Mind the valuations

Chart - 1 min read

After recent rebounds in stocks and bonds, we take a quick look at valuations and how they stack up against history. 

Leading equity indices have recorded a remarkable recovery, especially given the huge uncertainty that still surrounds earnings estimates. It’s unlikely to be a comfortable ride in the coming months as most of the world will be in recession this year. But for longer term investors, history is on your side. This week’s Chart Room shows that valuations across most regions remain below long-term average levels. Buying assets with a healthy margin of safety, one that allows for some earnings volatility, is often a key factor for generating positive returns in the long-term.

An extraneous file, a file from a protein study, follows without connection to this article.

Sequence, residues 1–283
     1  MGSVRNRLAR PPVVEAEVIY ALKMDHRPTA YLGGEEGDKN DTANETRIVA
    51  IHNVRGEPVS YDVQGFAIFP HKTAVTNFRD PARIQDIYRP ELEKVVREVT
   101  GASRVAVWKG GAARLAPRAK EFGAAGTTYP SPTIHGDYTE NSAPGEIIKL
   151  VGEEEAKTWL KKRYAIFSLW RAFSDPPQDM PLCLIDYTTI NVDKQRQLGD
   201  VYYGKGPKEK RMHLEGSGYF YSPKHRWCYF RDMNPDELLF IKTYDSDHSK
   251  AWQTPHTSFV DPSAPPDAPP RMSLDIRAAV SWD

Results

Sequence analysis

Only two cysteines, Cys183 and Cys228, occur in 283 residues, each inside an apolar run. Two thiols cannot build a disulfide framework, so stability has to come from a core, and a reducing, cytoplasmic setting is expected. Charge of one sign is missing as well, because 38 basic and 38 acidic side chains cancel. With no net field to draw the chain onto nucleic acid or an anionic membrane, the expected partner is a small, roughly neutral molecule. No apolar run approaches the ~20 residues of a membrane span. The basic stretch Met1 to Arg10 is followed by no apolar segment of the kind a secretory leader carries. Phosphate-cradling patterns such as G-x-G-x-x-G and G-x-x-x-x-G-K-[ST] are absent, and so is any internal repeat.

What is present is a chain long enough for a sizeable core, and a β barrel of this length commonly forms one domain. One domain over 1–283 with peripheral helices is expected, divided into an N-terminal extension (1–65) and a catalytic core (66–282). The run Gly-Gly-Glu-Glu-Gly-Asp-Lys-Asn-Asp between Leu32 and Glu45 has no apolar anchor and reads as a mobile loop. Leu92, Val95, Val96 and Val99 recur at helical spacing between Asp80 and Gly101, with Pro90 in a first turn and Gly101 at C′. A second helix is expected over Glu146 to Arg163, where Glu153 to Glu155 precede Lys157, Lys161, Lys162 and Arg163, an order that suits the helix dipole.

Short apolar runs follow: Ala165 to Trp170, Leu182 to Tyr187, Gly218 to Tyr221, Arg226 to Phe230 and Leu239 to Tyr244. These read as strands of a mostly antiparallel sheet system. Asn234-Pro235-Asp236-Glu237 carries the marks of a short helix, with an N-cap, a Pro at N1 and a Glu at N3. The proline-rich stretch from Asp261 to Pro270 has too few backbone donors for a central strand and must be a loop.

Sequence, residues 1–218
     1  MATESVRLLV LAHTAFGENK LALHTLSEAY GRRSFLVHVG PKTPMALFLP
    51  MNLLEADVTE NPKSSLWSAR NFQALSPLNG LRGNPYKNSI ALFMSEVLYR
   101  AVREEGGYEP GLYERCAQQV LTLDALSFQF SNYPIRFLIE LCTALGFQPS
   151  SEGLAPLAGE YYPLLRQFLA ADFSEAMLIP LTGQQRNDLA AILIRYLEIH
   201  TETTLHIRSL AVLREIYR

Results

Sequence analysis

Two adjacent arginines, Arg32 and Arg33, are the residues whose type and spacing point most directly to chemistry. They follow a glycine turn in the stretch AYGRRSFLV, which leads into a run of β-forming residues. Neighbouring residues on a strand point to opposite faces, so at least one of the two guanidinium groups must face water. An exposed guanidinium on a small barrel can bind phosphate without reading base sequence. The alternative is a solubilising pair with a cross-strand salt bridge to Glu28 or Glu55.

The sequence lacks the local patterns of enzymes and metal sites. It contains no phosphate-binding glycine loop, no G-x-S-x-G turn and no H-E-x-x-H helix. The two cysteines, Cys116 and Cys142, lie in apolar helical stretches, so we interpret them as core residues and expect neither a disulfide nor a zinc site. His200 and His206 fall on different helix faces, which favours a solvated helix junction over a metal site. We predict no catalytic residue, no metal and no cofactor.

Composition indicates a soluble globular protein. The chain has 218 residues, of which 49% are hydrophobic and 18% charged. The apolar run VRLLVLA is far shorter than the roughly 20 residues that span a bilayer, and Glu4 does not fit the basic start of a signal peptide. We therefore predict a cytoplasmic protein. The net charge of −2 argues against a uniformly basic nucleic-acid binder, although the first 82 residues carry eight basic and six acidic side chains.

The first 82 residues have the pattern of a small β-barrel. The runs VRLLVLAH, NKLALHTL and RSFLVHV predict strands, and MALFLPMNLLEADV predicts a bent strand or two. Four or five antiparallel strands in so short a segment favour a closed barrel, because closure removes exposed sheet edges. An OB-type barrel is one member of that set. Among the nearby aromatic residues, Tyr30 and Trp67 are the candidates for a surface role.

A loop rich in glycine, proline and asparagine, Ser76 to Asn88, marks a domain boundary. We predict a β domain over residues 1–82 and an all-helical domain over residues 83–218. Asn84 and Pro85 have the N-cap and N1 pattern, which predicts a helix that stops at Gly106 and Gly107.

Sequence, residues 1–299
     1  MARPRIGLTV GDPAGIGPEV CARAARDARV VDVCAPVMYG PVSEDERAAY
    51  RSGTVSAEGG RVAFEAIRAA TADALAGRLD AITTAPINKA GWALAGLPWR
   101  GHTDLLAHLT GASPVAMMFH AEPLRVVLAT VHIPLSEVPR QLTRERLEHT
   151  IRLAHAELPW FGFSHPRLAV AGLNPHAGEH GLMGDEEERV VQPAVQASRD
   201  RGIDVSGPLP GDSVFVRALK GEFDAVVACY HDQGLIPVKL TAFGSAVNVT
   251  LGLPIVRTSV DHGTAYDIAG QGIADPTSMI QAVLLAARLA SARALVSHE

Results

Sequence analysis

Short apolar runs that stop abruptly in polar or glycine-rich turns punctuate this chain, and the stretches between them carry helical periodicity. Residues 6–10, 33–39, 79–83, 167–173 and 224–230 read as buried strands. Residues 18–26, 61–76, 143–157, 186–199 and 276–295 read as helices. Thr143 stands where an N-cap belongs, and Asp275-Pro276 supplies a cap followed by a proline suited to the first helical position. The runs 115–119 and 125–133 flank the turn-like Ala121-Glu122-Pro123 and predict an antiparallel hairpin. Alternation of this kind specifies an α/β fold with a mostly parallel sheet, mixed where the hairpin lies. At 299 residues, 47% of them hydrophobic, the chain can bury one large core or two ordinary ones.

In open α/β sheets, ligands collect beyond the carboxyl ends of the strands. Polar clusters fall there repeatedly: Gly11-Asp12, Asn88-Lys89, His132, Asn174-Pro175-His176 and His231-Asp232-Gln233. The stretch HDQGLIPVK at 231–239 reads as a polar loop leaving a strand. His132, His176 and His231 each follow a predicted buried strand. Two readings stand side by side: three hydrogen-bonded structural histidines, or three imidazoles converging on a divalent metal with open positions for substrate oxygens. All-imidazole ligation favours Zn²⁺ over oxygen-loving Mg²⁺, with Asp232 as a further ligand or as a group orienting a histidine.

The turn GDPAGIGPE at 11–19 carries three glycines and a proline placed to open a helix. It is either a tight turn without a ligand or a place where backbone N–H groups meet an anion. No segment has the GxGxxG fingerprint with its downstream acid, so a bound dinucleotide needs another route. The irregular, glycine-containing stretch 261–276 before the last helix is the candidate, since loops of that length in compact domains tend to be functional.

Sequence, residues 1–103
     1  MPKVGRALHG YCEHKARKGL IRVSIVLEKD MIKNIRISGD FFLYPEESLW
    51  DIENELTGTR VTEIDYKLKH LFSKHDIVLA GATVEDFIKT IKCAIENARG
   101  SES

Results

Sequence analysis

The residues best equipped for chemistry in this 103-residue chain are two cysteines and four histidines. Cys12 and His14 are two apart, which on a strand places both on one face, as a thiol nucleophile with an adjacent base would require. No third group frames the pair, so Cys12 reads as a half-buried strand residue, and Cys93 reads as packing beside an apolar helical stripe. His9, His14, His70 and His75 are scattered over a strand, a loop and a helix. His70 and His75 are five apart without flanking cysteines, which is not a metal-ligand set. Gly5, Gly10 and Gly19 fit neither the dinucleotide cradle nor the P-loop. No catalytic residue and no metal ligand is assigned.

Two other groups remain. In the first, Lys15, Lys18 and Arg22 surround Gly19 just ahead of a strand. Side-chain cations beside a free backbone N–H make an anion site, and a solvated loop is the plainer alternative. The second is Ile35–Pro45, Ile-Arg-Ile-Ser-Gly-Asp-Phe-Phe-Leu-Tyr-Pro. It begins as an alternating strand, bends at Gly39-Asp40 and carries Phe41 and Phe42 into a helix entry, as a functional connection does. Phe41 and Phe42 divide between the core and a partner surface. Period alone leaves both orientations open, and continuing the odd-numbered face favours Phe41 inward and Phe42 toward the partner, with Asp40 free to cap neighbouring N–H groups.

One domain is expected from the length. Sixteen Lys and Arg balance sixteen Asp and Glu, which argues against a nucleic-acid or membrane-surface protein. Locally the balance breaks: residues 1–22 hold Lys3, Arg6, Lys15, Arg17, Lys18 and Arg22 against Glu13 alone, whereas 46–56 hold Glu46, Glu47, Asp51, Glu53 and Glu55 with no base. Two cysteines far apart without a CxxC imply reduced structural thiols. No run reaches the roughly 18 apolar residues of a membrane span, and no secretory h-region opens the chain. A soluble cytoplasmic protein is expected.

But it’s also worth noting how the upheaval over the past six months has been uneven across different asset classes. For example, contrast the relative moves in equities and sovereign debt with corporate credit. The chart shows that current credit spreads across corporate investment grade and high yield bonds remain below the 20th percentile of their historical range. This may be particularly appealing to income-seeking investors looking for options to increase the relative security of their income without giving up too much yield.

Source: Fidelity International, Refinitive DataStream. 08 May 2020.
Note: Historical data since January 2004 (*EM Corporate Bond data since September 2004 and China 10 Year Government Bond data since July 2007). Valuation metrics used for asset classes are as follows: Government bond indices showing redemption yields; ICE BofA Merrill Lynch Corporate, IG Bond, and High Yield indices showing option-adjusted spreads; JPM EMD local currency index showing yield; JPM EMD hard currency index showing spread; MSCI equity indices showing average of forward P/E and price-to-book ratio.